Key Words: Damping, Vibration, Blow holes, Strength, etc

INTRODUCTION

PROBLEM DEFINITION
Damping is a measure of rate at which vibration energy dissipates in any structure. In order to protect any structure from vibration damping needs to be enhanced. Damping exists in many forms like material damping, dry friction damping, etc. Damping is even influenced by the manufacturing process. Out of two manufacturing types that are casting and forging it is found that casting imparts more damping than forging. The reason for which is attributed to the casting defects like porosity i.e. blowholes [1]. A blowhole is basically a discontinuity, which enhances the rate of dissipation of vibration energy. But a common belief is blowhole deteriorates the strength of any structure. However formation of blowholes in any casting is unavoidable and thereby few blow holes are permitted to maintain the strength within allowable tolerances. But for a casting of given shape, geometry, dimensions and volume allowable number of blow holes for the desired strength are not specified anywhere. Arriving at a compromising platform for number of blowholes for maintaining desired strength and damping enhancement through experimental simulation is taken up in this project. Series of experiments are planned through casting with intentionally induced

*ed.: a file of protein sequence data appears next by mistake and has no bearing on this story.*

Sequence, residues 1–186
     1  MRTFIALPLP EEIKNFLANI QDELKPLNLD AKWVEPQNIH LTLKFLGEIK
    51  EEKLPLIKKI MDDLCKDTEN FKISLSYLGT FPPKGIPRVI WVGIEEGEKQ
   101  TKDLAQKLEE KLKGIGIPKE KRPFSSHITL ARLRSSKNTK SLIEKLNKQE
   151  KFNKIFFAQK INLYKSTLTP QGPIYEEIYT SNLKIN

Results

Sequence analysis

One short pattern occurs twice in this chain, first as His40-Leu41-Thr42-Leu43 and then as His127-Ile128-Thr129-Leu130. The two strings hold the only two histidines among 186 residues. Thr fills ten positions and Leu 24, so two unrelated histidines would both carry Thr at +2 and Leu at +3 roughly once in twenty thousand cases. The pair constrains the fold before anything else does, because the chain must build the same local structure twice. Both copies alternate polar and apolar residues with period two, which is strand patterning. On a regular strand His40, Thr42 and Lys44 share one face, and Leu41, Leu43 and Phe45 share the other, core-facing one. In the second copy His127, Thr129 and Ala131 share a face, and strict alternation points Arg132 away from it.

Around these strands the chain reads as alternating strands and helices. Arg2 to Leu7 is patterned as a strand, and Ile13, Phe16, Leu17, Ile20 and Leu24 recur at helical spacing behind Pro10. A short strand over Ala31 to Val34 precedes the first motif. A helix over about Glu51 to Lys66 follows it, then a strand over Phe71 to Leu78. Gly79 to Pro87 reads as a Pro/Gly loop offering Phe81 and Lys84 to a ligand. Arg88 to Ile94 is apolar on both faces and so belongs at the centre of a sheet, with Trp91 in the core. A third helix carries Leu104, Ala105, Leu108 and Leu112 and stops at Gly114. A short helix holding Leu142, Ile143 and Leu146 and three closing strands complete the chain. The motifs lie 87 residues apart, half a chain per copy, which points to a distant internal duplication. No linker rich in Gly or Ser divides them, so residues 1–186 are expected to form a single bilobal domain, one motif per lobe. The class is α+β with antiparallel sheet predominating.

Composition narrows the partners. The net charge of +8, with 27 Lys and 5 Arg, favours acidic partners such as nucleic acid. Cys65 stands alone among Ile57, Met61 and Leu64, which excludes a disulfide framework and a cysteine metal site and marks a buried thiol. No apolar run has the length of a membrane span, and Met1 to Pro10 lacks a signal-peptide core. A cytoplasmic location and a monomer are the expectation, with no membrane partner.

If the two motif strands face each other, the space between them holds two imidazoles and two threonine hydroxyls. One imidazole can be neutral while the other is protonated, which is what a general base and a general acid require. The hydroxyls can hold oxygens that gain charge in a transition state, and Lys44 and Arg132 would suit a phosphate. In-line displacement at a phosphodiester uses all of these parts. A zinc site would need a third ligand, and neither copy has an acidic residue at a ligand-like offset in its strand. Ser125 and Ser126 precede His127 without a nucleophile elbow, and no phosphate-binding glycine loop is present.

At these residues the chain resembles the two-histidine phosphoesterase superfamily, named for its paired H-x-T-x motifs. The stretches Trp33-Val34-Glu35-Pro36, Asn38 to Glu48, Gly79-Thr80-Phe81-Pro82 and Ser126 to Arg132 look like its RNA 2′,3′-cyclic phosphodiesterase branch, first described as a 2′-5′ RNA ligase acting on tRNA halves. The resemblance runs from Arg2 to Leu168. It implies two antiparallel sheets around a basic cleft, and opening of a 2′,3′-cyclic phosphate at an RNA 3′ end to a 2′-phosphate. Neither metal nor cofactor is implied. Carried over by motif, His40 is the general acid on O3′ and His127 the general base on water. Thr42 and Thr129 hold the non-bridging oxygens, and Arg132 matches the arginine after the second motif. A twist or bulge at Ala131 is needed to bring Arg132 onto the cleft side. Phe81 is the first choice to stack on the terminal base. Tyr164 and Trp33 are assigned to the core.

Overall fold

blowholes in different numbers. The cast object will be subjected to mechanical tests and damping measurement tests. The outcome of the project would be bringing out the relation between number of blowholes and their orientation with respect to strength and damping characteristics in a controlled casting environment.